How Long Is a Rehab Program in an Ohio Treatment Center

When choosing a rehab, duration of treatment is an important consideration. You’ll want enough time in treatment to establish a solid foundation for recovery. While detox is the first and most important step towards getting well, there’s far more that recovery entails. During treatment, you’ll learn about the nature of addiction and its underlying causes. You’ll also establish new and far healthier coping skills, and you’ll work on building your distress tolerance. Going to rehab is additionally an opportunity to establish a comprehensive relapse prevention plan, create long-term goals, and achieve a sustainable and self-sufficient lifestyle among other things.

Many Ohio treatment centers offer rehab programs that last just 28 days. Attending a 28-day rehab is an excellent start. However, rehab programs that last 60 days or longer will give you more time to work on understanding and successfully managing your addiction. After all, with many substances, physical withdrawal can take one to two full weeks to reach its end. In a month-long program, many people spend the majority of their time struggling to get their bearings and largely focusing on detox alone. When it comes to limiting the risk of relapse and getting a truly good start, 60 and 90-day programs in Ohio are both great choices.

Duration of Treatment and Its Impact on Your Success

Longer treatment times often lead to more successful outcomes in recovery. As you learn more about the nature of addiction, you’ll discover that there’s a lot of work you need to do. The good new is that you don’t have to do all of this work during your initial treatment. If you choose to complete a 28-day inpatient rehab in Ohio, you can always follow this up with time in an outpatient program or by staying in a sober living home or halfway house. There are many ways to get the care, support, and resources you need for staying on course, even as you maintain your outside responsibilities, limit your out-of-pocket spending, and strive to achieve other goals. There are two major concerns with making a 28-day program your sole form of addiction treatment.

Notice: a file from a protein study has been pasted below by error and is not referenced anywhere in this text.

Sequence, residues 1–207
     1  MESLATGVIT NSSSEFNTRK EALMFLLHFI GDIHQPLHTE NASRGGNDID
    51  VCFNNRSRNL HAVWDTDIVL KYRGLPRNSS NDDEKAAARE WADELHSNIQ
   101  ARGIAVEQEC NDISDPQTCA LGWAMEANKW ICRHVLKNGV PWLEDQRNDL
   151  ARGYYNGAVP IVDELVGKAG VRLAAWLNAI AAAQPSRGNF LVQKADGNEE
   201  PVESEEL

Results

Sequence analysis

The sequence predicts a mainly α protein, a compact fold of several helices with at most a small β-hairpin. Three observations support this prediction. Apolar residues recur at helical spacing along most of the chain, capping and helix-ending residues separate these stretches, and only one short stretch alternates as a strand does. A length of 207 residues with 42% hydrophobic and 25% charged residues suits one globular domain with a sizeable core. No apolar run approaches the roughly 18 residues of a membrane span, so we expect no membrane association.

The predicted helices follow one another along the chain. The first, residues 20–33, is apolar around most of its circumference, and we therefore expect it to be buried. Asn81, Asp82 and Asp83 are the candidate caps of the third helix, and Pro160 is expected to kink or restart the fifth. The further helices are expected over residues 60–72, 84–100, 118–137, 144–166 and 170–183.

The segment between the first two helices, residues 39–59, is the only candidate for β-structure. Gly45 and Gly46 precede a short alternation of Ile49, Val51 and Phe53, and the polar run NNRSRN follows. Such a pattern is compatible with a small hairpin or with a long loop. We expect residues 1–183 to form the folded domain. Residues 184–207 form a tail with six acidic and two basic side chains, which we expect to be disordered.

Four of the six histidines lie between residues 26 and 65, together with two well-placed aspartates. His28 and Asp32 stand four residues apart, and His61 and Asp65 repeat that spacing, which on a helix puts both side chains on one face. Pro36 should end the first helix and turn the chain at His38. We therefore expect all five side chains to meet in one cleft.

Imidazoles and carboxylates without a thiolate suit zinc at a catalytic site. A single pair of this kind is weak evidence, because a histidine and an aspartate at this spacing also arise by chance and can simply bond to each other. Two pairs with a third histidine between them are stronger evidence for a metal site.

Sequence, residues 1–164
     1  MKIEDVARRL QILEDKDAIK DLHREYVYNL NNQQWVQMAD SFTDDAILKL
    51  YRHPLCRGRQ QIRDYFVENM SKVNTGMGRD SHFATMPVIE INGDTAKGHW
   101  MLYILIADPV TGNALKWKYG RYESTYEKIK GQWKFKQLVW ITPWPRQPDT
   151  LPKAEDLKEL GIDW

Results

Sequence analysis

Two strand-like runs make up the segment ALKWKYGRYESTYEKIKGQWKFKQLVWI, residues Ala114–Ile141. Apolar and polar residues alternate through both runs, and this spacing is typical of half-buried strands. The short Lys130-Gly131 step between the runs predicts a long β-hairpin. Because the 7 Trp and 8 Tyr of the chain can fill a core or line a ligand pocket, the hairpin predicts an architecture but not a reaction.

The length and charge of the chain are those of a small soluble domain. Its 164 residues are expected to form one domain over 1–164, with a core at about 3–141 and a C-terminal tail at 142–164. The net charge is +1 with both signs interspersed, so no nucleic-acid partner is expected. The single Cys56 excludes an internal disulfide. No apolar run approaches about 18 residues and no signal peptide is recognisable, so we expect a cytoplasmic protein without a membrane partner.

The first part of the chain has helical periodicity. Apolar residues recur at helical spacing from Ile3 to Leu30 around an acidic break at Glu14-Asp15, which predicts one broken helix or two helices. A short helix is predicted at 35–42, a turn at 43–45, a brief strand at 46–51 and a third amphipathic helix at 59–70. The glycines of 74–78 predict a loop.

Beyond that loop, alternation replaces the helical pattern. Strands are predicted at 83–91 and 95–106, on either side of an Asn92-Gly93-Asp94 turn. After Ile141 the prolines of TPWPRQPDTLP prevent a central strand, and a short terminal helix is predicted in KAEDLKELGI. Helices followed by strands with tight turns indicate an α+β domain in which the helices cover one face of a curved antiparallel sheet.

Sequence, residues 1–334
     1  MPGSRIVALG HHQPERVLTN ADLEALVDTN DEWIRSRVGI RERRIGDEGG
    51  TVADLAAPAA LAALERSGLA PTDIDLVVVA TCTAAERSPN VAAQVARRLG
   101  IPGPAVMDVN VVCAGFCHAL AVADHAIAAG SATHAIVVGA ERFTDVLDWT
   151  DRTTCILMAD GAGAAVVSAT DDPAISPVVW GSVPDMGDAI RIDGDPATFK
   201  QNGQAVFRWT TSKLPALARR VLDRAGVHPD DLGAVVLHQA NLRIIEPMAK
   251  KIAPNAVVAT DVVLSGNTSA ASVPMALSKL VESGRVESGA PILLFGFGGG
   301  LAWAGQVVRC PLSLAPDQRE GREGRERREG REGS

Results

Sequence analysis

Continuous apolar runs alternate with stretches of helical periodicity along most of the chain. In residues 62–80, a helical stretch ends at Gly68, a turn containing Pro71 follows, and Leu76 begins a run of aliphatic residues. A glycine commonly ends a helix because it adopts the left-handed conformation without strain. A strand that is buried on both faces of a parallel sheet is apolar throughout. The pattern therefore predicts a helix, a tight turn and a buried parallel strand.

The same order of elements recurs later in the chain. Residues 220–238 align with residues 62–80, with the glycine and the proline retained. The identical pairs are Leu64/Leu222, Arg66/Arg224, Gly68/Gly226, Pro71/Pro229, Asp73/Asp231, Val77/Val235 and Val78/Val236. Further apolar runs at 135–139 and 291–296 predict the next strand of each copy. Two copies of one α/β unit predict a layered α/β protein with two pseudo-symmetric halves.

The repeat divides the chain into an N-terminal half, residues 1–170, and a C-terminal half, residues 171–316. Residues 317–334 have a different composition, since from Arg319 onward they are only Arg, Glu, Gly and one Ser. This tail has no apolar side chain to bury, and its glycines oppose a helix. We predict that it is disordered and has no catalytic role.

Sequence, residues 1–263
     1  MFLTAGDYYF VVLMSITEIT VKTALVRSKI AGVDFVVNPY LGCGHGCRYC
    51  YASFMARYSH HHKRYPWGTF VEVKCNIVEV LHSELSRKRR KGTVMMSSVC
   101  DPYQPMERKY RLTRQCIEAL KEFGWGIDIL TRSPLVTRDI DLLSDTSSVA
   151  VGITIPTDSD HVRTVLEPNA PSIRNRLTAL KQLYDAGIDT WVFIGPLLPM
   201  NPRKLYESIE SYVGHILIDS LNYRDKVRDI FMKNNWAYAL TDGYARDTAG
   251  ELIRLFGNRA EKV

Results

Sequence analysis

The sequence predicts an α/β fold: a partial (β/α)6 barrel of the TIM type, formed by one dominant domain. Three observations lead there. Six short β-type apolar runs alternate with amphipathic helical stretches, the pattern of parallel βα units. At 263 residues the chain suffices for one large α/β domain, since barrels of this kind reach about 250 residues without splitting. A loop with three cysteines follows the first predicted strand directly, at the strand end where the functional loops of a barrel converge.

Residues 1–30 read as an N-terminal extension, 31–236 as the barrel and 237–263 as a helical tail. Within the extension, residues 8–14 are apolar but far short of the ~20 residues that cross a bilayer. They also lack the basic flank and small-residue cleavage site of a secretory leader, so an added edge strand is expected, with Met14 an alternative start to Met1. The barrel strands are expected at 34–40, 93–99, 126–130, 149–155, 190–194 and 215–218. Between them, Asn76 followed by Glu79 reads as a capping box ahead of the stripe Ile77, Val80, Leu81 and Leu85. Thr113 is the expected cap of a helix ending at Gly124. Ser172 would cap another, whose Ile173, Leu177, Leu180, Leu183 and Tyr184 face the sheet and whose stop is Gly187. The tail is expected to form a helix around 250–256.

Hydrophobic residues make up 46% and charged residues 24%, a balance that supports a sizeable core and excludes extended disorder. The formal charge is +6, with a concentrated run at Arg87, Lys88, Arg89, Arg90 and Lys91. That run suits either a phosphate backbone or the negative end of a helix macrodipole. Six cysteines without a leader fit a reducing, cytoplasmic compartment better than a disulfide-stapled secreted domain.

The first and most obvious of these is that the vast majority of 28-day programs are often spent detoxing. Second, although 28-day programs offer a comprehensive range of services, they aren’t long enough for the brain and body to fully heal. Whether you’ve been abusing drugs or alcohol, your substance abuse has had a major and potentially long-lasting impact on your brain’s chemistry. The chemical changes that occur in the brain during substance use are what create the feelings of being intoxicated or “high”. Using illicit drugs, abusing prescription medications, or drinking copious amounts of alcohol triggers the release of neurotransmitters. These “feel good” chemicals make people feel relaxed, happy, confident, uninhibited, and euphoric among other things.

Over time, they get worn out. During the initial stages of recovery, misfiring or otherwise low-performing neurotransmitters are what cause people to feel:

  • Depressed
  • Anxious
  • Restless
  • Unmotivated

Until dopamine and other neurotransmitters rebound, recovering addicts can also feel hopeless and suicidal. These largely psychological withdrawal effects are often referred to as post-acute withdrawal symptoms (PAWS). PAWS can last for one to three months, but they may periodically recur for up to one full year. Some research suggests that dopamine rebound and the normalization of other neurotransmitters like it takes about 60 to 90 days.

Thus, enrolling in a 90-day rehab program is an excellent way to get the professional support you need as your brain heals from addiction. After a 90-day program has ended, you’ll likely have a much easier time making controlled, rational decisions, maintaining mood balance, and fighting off cravings and temptation. In short, it will be easier to keep your recovery on track. Treatment and recovery can look different for every individual. Some people succeed after completing a single, 28-day program and going on to receive limited post-treatment support. Others find that spending three months, six months, or even one year in treatment is essential. One of the best ways to gauge your needs for duration of treatment is by assessing your risk factors for relapse.

If you’ve tried and failed in recovery before, have a co-occurring mental health disorder, or have been using highly addictive substances, starting with a 90-day program in Ohio is probably your best bet. To find out more about Ohio rehab programs or to find a rehab center that’s right for you, call 833-820-2922. Our counselors are standing by.